321. DCMS does not propose a general prohibition on inducements as it is "not convinced that all inducements […] represent a risk that would justify a measure so broad in its effect." [481] Instead, it proposes to give the Gambling Commission the flexibility to place controls on inducements through the imposition of licence conditions and the use of codes of practice. An additional clause published on 12 March 2004 provides that a condition may restrict or make provision about the "making of offers designed to induce persons to participate, or to increase their participation in […] licensed activities" as well as the "participation in arrangements for inducing[…] persons to gamble".[482] In addition, the Government will "retain the option of imposing a general condition on operating licences that would have the effect of prohibiting all inducements to gamble".[483]

322. We recognise that determining which inducements to gamble should be allowed and which should be prohibited is difficult. Accordingly, we agree with the Government's proposal not to impose a blanket ban on all inducements. We also agree with the current proposal to give the Gambling Commission the power to control the offer of inducements by operators, whether by way of stringent codes of practice issued under Clause 16 and/or licence conditions under the new Clause published on 12 March. We believe that the licensing objective to protect the vulnerable under Clause 1 would make it incumbent upon the Commission to use these powers to prevent inducements which amount to predatory marketing and which threaten the ability of consumers to control their gambling behaviour.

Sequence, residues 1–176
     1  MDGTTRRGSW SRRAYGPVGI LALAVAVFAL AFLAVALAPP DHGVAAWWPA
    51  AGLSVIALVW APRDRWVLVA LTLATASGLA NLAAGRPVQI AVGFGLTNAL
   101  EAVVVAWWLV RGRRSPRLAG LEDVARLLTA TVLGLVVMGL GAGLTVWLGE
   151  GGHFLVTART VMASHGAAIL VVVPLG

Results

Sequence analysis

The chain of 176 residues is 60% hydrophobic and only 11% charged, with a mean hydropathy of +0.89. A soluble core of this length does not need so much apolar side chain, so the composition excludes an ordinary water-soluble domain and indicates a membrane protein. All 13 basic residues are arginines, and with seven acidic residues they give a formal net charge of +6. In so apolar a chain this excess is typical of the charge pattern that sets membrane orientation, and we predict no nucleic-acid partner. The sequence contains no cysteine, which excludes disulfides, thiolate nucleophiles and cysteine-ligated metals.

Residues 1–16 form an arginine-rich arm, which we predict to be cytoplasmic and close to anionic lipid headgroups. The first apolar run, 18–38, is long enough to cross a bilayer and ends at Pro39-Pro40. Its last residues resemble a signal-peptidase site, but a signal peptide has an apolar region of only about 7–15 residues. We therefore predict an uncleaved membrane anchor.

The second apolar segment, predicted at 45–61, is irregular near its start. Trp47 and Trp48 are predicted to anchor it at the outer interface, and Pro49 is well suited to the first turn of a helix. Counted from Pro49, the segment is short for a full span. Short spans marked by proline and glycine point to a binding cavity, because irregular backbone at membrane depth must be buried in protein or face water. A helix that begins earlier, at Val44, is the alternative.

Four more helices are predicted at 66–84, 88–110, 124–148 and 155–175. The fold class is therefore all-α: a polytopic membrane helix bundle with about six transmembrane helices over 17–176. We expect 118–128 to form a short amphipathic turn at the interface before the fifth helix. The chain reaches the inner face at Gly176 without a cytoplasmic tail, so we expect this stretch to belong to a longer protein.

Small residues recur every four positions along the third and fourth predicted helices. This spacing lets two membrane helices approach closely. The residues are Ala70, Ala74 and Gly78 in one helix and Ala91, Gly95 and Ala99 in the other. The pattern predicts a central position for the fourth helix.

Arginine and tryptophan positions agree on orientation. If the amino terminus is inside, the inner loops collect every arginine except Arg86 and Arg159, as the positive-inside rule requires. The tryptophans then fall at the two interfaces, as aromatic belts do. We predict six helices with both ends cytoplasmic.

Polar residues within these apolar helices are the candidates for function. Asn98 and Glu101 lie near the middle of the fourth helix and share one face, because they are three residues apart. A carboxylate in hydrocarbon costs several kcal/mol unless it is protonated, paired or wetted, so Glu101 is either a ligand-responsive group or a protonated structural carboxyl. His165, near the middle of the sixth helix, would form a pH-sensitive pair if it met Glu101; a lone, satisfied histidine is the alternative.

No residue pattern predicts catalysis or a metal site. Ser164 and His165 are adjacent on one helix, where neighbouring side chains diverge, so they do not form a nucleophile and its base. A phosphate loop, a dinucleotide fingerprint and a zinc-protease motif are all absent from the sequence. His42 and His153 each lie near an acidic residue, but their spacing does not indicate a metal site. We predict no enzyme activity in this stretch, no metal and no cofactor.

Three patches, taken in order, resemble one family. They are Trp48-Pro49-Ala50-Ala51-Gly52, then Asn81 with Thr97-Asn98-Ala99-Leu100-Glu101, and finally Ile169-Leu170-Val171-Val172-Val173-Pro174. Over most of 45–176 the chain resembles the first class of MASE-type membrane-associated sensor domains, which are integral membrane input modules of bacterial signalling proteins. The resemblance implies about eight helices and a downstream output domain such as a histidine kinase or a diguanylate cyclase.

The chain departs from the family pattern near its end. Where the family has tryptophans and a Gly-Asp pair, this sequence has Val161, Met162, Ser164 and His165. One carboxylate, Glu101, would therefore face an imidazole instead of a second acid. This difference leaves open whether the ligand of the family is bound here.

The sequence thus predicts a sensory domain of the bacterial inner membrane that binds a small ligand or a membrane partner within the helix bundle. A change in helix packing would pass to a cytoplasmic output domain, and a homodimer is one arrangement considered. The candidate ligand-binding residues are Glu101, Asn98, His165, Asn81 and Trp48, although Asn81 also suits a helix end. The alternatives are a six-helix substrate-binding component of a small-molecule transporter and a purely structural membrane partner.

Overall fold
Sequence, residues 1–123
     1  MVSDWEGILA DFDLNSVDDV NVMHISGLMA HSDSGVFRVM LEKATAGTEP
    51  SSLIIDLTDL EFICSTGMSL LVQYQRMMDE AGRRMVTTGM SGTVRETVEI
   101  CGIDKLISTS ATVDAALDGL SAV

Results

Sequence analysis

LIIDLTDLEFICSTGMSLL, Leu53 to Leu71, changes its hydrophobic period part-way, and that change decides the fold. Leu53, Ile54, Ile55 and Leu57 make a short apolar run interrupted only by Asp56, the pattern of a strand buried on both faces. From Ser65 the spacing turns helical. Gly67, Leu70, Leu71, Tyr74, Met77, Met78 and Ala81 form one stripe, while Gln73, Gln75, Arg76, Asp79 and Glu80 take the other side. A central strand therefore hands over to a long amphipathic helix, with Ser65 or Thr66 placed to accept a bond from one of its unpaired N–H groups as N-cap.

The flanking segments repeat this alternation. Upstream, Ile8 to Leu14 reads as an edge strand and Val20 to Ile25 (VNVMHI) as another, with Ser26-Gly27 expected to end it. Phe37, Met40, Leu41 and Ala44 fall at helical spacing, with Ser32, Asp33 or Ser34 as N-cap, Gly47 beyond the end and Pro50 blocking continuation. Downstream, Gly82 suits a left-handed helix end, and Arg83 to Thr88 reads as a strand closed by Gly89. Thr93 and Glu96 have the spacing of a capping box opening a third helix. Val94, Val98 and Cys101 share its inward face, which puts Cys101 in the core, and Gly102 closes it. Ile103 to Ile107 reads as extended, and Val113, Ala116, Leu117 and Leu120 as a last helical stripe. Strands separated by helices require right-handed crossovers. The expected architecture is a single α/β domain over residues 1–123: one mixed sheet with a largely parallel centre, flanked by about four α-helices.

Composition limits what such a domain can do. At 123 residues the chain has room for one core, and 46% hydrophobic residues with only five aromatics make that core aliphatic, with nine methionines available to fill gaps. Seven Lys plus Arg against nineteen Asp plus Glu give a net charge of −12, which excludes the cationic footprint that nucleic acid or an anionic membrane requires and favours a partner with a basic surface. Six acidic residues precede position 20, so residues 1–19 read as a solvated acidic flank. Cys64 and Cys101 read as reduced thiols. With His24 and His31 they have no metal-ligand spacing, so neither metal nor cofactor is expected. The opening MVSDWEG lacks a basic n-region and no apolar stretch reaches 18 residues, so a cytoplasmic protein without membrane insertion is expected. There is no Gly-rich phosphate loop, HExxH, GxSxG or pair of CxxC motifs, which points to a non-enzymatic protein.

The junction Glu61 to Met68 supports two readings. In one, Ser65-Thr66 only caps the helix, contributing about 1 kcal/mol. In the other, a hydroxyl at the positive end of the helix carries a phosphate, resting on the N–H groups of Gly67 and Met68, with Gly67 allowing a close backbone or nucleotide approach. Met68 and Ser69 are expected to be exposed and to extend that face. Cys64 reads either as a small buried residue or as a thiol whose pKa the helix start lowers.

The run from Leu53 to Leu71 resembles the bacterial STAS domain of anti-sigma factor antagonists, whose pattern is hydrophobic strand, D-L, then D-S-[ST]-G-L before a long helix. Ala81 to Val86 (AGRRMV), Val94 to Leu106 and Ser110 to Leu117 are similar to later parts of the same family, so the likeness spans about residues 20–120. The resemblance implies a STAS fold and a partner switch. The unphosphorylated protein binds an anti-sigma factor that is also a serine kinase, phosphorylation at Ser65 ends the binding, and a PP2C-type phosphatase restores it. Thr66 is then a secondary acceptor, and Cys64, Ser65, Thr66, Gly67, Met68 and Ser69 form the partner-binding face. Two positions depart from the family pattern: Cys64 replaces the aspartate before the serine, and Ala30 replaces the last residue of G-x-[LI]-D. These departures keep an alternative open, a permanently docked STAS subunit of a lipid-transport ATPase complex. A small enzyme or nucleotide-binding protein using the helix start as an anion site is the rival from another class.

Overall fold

Loyalty cards